Local educators received some good news this week when state legislators announced the overdue state budget will include money to fully fund teaching assistant positions throughout the state as well as drivers education programs in public high schools.
“We are thrilled to know that teaching assistants will be funded for this year and next.” said Greg Little, superintendent for Mount Airy City Schools.
he was reacting to an announcement earlier this week by House Speaker Tim Moore and Senate leader Phil Berger of the that the $21.735 billion budget agreement reached over the weekend will fund both programs. The budget agreement was 76 days past the June 30 deadline.
For months the General Assembly has battled over a state budget. The Senate’s initial budget proposal was more severe with educational cuts, eliminating more than 1,700 teacher assistant positions across the state in the coming year and more than 5,000 the following year while adding about 3,000 full time teachers across the state. The House’s plan cut fewer teacher assistants.
“I’ve said all along our teacher assistants play a vital role in our success and we have specifically seen historic growth and achievement in our K-2 because of what they do,” added Little.
The funding for drivers education also had left local schools systems in limbo, with state officials stating their plans to cease funding the programs at the high school level. Surry County Schools chose to temporarily suspend the program until a final state budget was approved, leaving some students at least six months behind in receiving their learners permit.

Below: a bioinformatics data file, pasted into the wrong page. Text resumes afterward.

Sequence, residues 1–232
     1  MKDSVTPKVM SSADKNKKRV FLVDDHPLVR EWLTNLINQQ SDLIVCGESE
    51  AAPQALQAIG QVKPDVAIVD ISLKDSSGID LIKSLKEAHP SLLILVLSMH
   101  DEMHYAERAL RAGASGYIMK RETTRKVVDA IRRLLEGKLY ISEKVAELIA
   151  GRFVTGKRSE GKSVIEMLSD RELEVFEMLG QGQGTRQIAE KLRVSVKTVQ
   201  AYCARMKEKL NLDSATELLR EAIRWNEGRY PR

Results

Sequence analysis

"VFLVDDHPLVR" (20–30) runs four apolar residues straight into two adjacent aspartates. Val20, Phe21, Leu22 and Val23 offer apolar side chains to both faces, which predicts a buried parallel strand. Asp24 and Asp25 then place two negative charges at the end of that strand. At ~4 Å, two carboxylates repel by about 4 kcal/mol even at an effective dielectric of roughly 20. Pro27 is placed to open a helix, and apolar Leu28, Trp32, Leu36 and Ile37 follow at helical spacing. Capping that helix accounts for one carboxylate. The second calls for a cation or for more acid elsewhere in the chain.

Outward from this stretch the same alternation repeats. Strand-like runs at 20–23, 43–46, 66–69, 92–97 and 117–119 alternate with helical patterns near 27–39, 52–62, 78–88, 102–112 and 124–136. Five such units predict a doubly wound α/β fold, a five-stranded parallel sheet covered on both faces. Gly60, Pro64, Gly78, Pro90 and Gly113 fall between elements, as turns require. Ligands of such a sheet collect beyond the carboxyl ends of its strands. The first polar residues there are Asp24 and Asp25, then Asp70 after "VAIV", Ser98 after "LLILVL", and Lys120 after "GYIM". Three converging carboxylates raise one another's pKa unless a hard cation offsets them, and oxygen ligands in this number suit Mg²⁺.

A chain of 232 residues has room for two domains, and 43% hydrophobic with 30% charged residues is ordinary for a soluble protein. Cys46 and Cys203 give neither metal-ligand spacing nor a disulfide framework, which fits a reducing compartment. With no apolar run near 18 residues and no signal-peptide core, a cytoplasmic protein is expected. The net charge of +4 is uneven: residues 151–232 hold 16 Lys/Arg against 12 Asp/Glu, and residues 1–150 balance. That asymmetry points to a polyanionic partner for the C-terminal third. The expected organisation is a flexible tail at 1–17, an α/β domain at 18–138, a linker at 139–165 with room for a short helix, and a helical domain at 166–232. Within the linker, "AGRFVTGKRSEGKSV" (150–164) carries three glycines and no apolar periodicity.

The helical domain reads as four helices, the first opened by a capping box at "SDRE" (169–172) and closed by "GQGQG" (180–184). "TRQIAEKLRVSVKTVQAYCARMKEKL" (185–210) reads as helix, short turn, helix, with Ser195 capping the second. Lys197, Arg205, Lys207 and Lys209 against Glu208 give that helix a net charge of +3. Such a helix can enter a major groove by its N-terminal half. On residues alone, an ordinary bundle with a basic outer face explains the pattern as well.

“I think all of us want our children to be as safe as possible. As a parent, I want to make sure my daughter has the best training possible to ensure when she pulls out of the driveway that she returns home,” said Little.
While a House proposal would have continued funding driver’s education in public schools and lowered the fee to students from $65 to $45, the Senate plan would have moved the programs to community colleges and left students paying the $300 cost.
Surry County Schools officials did not return telephone calls seeking comment.
Other highlights from the budget are:
-Provides a$750 one-time bonus for all state employees and school personnel.
-Provides funds for student enrollment growth in 2015-17.
-Expands Read to Achieve reading camps to first and second graders by providing $20 million in additional funding.
-Provides a $6.9 million increase to the private school voucher program in 2016-17.
-Increases textbook funding by $20 million to total of $52 million in the first year, and $62 million in the second year.
-Increases beginning teacher pay from $33,000/year to $35,000/year.
-Adds $2 million in the first year and $12 million in the second year to enhance school-level WiFi- networks to provide connectivity at the classroom level.
Reach Eva Queen at (336) 415-4739 or email@example.com